The history of women interpreters of the Bible is a neglected area of study. Marion Taylor presents a one-volume reference tool that introduces readers to a wide array of women interpreters of the Bible from the entire history of Christianity, from the early church to the twenty-first century. Her research has implications for understanding biblical interpretation--especially the history of interpretation--and influencing contemporary study of women and the Bible.
Contributions by 130 top scholars introduce foremothers of the faith who address issues of interpretation that continue to be relevant to faith communities today, such as women's roles in the church and synagogue and the idea of religious feminism. Women's interpretations also raise awareness about differences in the ways women and men may read the Scriptures in light of differences in their life experiences. This text will prove useful to students, scholars, and pastors, who will be inspired, provoked, and challenged by the women introduced in the handbook. It will also provide a foundation for further detailed research and analysis.Some of the interpreters referenced include:
- Elizabeth Rice Achtemeier
- Birgitta of Sweden
- Catherine Mumford Booth
- Anne Bradstreet
- Catherine of Siena
- Clare of Assisi
- Elizabeth I
- Hildegard of Bingen
- Julian of Norwich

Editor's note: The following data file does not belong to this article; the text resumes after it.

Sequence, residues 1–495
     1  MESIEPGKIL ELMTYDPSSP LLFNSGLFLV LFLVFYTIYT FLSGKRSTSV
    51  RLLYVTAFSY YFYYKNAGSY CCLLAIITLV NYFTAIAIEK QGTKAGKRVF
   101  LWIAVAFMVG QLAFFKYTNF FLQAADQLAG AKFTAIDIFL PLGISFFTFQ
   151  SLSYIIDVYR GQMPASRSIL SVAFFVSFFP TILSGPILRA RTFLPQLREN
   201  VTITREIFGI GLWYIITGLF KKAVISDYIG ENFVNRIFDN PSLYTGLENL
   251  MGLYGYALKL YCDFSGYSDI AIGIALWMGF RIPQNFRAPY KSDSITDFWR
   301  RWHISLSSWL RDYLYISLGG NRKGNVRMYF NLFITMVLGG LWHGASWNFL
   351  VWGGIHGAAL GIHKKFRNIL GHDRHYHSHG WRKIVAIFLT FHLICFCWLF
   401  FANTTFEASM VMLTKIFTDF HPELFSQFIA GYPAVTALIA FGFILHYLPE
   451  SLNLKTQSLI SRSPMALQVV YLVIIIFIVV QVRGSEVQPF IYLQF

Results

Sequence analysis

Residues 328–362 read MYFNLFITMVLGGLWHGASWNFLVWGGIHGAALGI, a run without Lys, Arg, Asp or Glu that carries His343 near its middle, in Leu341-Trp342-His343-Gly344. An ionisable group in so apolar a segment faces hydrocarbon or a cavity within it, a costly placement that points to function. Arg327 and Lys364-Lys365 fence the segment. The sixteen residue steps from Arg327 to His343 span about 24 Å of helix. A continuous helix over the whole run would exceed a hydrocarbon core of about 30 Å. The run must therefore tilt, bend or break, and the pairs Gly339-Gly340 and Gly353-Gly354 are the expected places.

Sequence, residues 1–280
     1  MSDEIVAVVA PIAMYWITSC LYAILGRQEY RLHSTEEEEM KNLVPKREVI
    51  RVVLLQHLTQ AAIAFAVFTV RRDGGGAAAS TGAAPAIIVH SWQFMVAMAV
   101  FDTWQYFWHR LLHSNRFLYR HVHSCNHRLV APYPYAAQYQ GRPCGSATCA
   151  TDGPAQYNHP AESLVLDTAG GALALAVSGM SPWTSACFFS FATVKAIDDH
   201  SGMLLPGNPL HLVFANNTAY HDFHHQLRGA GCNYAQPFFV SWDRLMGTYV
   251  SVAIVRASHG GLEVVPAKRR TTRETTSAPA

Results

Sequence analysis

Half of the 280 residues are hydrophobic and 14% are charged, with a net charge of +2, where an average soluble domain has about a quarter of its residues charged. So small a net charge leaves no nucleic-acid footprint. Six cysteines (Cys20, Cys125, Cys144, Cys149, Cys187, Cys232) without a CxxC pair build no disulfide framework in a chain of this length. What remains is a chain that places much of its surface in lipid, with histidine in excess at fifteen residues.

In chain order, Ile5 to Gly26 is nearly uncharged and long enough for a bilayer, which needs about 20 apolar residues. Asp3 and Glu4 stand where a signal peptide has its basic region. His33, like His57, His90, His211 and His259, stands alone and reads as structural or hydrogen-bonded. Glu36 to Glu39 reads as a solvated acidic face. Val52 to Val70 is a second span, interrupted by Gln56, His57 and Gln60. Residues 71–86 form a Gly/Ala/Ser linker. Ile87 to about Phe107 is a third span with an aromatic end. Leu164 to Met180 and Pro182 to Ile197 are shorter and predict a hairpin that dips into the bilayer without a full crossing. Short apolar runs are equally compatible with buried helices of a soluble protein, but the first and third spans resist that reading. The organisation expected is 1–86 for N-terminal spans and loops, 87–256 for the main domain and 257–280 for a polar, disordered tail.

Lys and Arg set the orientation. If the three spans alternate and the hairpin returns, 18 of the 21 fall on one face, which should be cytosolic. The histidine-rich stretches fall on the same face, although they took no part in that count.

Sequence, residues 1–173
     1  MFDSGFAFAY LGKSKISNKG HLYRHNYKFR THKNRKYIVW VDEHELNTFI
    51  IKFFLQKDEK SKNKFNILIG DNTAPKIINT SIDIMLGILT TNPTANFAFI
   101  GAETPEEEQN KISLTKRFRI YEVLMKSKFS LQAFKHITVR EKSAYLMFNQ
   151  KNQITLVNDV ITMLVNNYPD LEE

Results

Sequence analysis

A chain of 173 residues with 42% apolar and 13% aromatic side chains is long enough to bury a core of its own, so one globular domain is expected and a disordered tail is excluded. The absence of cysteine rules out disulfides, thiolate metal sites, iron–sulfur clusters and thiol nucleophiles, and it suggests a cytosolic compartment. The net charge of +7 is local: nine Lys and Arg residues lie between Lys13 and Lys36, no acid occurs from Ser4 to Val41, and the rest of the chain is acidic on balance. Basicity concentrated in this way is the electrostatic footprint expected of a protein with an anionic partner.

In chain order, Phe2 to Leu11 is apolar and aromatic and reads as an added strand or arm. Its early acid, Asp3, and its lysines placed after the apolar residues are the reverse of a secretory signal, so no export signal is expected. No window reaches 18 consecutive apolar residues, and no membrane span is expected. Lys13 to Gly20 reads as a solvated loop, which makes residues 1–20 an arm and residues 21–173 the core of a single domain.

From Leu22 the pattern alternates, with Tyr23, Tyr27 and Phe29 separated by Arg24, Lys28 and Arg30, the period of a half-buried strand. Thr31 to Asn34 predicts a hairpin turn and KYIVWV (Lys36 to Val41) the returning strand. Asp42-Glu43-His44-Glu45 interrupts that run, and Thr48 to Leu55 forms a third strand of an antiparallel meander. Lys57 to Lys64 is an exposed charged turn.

- Thirhse of Lisieux
- Henrietta C. Mears
- Florence Nightingale
- Phoebe Palmer
- Faltonia Betitia Proba
- Pandita Ramabai
- Christina Georgina Rossetti
- Dorothy Leigh Sayers
- Elizabeth Cady Stanton
- Harriet Beecher Stowe
- Teresa of Avila
- Sojourner Truth
- Susanna Wesley
The history of women interpreters of the Bible is a neglected area of study. Marion Taylor presents a one-volume reference tool that introduces readers to a wide array of women interpreters of the Bible from the entire history of Christianity. Her research has implications for understanding biblical interpretation--especially the history of interpretation--and influencing contemporary study of women and the Bible. Contributions by 130 top scholars introduce foremothers of the faith who address issues of interpretation that continue to be relevant to faith communities today, such as women's roles in the church and synagogue and the idea of religious feminism. Women's interpretations also raise awareness about differences in the ways women and men may read the Scriptures in light of differences in their life experiences.
This handbook will prove useful to ministers as well as to students of the Bible, who will be inspired, provoked, and challenged by the women introduced here. The volume will also provide a foundation for further detailed research and analysis.